26 June 2017

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Securing the Banking Transactions

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When we say that technology has deep penetration among all the Indians, we usually refer to some key social changes. The way we communicate, the way we shop and the way we use our financial transactions. These social changes especially with regard to IT penetration have made our day to day life’s utility processes quick and comfortable.

 Now, coming over to Indian banking industry, that is in the midst of IT revolution. A combination of regulatory and competitive reasons have led to increasing importance of total banking automation in the Indian Banking Industry.

Information Technology has basically been used under two different avenues in Banking. One is Communication and Connectivity and other is Business Process Reengineering. Information technology enables sophisticated product development, better market infrastructure, implementation of reliable techniques for control of risks and helps the financial intermediaries to reach geographically distant and diversified markets. One of the largest beneficiary segment for such automation is the micros, small business segment of India.

In a recent development, Datacraft, one of the leading independent IT solutions and services company, has been awarded an IT security infrastructure and datacentre upgrading project by Lakshmi Vilas Bank (LVB).

LVB is one of the most established banks in South India and has a network of 273 branches, one satellite branch and eight extension counters, spread over 16 states and the union territory of Pondicherry.

However, the bank has very dynamic focus towards the MSMEs of south Indian region and is proactively looking at serving its customers at the best possible way and get as closer as possible.

With further expansion in the plan, LVB has called upon Datacraft to upgrade its IT security infrastructure and datacentre. LVB realised that its existing infrastructure needed a complete overhaul.

“We have recently doubled our presence in other states and it was very critical to keep our IT infrastructure, expansion ready,” VS. Reddy, managing director for LVB stated. RBI (Reserve Bank of India) guidelines also call for end-to-end data security for all financial transactions and we wanted to ensure that the IT network backbone had the capacity to cope with increased demand. While emphasizing on this point, Mr Reddy also said, “We were looking for a fault-tolerant, resilient, and highly available infrastructure which involved switching and routing, and security for all our branches. In addition, it needed to accommodate future technology advancements with increasing customer base calling for the need to upgrade the datacentre.”

However, recognizing the value that Datacraft has bought for his bank, Mr Reddy also added, “Datacraft had the requisite experience in the financial services sector and an in-depth understanding of deploying advanced Cisco solutions to implement this next-generation datacentre solution.”

The solution and the contract between the bank and IT solution provider required Datacraft to design and implement the datacentre upgrade as well as to provide ongoing support to ensure a high level of operational performance. As reliability and scalability are a challenge, MPLS-based network was deployed for all core connectivity, and using ISDN as a fallback.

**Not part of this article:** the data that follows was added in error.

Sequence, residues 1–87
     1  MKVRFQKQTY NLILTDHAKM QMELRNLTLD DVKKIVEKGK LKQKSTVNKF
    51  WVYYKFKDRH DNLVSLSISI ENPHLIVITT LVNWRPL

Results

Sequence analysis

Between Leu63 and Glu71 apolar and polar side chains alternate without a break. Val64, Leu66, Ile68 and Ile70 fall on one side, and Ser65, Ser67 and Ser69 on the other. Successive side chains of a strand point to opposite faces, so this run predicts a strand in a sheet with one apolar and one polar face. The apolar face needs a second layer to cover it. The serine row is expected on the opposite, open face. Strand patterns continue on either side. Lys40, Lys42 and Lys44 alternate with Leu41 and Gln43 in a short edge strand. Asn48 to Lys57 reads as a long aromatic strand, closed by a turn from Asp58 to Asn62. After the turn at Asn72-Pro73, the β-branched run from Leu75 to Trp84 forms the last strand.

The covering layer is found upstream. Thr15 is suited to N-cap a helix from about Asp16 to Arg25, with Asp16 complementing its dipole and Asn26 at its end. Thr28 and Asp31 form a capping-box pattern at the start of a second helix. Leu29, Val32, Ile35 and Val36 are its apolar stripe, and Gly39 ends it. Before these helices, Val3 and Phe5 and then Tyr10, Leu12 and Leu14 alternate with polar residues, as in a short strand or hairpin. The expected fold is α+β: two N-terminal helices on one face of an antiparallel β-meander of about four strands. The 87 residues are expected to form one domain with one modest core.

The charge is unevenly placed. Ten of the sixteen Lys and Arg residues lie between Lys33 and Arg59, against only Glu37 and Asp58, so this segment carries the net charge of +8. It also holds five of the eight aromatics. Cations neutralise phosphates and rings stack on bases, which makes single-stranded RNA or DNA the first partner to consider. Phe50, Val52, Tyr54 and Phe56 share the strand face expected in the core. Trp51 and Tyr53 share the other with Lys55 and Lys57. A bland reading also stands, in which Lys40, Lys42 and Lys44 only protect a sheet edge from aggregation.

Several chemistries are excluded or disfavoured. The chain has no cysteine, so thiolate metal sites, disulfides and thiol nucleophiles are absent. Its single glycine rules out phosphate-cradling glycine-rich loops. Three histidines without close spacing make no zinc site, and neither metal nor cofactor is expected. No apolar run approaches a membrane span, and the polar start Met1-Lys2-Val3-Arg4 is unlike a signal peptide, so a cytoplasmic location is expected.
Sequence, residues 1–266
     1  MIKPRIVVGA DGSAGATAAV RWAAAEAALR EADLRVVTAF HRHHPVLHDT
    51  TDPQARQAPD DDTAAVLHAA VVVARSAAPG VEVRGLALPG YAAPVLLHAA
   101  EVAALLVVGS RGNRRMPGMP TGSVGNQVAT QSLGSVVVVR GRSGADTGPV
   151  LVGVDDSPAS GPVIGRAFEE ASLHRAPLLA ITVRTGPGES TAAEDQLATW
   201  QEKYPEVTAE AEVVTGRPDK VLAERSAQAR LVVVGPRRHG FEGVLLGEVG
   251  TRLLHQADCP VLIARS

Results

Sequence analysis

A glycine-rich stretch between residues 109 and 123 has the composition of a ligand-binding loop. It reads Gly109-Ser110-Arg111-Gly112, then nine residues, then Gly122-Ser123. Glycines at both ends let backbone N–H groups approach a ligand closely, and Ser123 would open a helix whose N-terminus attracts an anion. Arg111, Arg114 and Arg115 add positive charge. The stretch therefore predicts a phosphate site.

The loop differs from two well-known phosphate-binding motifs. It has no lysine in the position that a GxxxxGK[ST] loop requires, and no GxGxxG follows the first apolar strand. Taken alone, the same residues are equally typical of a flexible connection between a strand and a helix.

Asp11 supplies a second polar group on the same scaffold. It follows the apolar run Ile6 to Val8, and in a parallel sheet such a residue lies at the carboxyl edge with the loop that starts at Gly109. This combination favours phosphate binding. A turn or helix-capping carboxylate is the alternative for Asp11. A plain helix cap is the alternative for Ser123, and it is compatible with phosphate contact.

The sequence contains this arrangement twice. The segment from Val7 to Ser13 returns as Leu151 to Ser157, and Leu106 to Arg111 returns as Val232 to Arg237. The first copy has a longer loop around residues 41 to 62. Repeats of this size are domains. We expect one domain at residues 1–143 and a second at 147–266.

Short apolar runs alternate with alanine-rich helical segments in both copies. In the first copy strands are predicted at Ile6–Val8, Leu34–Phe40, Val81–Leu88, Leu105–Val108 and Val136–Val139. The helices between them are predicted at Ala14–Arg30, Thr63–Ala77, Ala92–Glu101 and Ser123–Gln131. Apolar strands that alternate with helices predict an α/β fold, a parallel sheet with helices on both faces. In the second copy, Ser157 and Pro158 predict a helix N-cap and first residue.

“The Datacraft team adopted a consultative approach to identify the gaps in the existing network and security infrastructure, and provide a modular solution to fix the gaps by re-architecting the existing infrastructure. This has resulted in significant financial savings for the client,” said Sunil Manglore, CEO of Datacraft India.

“Our expertise in addressing the specific needs of the financial services industry is evident in the success of this project and the work done for other major banks in the country. Working closely with Cisco and other vendors, the team put together a solution that served to enhance LVB’s  over all business efficiency” he concluded.

In view of this, technology has changed the contours of three major functions performed by banks, i.e., access to liquidity, transformation of assets and monitoring of risks. Further, Information technology and the communication networking systems have a crucial bearing on the efficiency of money, capital and foreign exchange markets.

Now since the slowdown phase is getting over, and the market seems to be coming back on track, it is critical to build an the infrastructure which is customer friendly. The banking segment is on the same track and technology has a great role to play in this.


The modernisation of Indian banking:

In the five decades since independence, banking in India has evolved through four distinct phases. During Fourth phase, also called as Reform Phase, Recommendations of the Narasimham Committee (1991) paved the way for the reform phase in the banking. Important initiatives with regard to the reform of the banking system were taken in this phase. Important among these have been introduction of new accounting and prudential norms relating to income recognition, provisioning and capital adequacy, deregulation of interest rates & easing of norms for entry in the field of banking.

Entry of new banks resulted in a paradigm shift in the ways of banking in India. The growing competition, growing expectations led to increased awareness amongst banks on the role and importance of technology in banking. The arrival of foreign and private banks with their superior state-of-the-art technology-based services pushed Indian Banks also to follow suit by going in for the latest technologies so as to meet the threat of competition and retain their customer base.

 

 

Last Updated ( Thursday, 07 October 2010 02:18 )  

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